The third in a comfort food collaboration with Kate Flower; my recipe for Upside-down Gingerbread.
A wonderful blast from my past, this unassuming-sounding dessert cake is definitely comfort food in my book! Pears and walnuts join hands with brown sugar and butter to form the crowning glory atop a darkly spicy and intensely flavoursome cake. A warm hum of grated fresh ginger and the slightly bitter liquorice flavour of black treacle are also major players, ably supported by other spice notes of nutmeg, cinnamon and cloves.
This soon-to-be-your-go-to dessert is sophisticated enough for a dinner party (does anyone do that any more?), and easy enough to make just because you want a treat.
It was a fascinating exercise to hand over my food to a fellow food stylist – we have very different styles, and I loved watching Kate build this gorgeous shot!
½ tsp baking soda
½ tsp salt
2 tsp ground cinnamon
¼ tsp grated nutmeg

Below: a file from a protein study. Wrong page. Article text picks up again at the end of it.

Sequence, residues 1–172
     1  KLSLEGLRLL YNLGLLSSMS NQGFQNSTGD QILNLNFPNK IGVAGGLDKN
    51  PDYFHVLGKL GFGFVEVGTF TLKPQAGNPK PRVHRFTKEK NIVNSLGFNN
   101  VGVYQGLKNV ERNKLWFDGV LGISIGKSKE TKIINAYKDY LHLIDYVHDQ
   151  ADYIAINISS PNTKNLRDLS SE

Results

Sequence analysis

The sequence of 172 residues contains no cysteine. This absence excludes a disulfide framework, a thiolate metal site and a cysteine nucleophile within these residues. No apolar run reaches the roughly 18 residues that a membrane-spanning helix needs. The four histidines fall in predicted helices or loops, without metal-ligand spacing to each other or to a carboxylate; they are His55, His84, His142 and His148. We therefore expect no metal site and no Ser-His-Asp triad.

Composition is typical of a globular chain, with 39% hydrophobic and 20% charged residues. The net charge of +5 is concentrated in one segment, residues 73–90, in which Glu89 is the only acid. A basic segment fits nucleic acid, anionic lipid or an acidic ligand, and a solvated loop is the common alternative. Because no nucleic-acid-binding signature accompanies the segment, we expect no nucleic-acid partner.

pinch ground cloves
2 tsp grated fresh ginger
120g soft brown sugar
90g black treacle
120ml milk, soured with 1 tsp lemon juice or vinegar
60g butter, melted & cooled
120g soft brown sugar
3-4 ripe pears, peeled and quartered
50g fresh walnuts, roughly chopped (I used Omega Walnuts)
Preheat oven to 170ºC.
Grease a 22cm round cake pan and line the base with baking paper.
For the topping:
- Melt the butter in a small saucepan, add the brown sugar and stir for 1-2 minutes over gentle heat.
- Pour into prepared cake tin.
- Arrange the prepared pear quarters around the tin, then scatter over chopped walnuts.
For the cake:
- In a medium bowl, sift together the flour, baking soda, salt, and dry spices.
- Mix together grated ginger, egg, brown sugar, treacle, soured milk and cooled butter.
- Stir into the flour mixture, beat together by hand until smooth.
- Pour cake batter over topping.
- Bake for 55-60 minutes, until the sides are coming away from the tin and a skewer inserted comes out clean.
- Leave to cool for a few minutes.
- Turn out onto a serving plate while still warm – see notes.
- Serve with crème fraíche, mascarpone or whipped cream.
- canned pears work just as well if pears aren’t in season.
- If you delay turning the cake out, the sticky topping may set, gluing the cake into the baking tin.
Recipe development & photography: Harriet Harcourt
Food styling: Kate Flower Food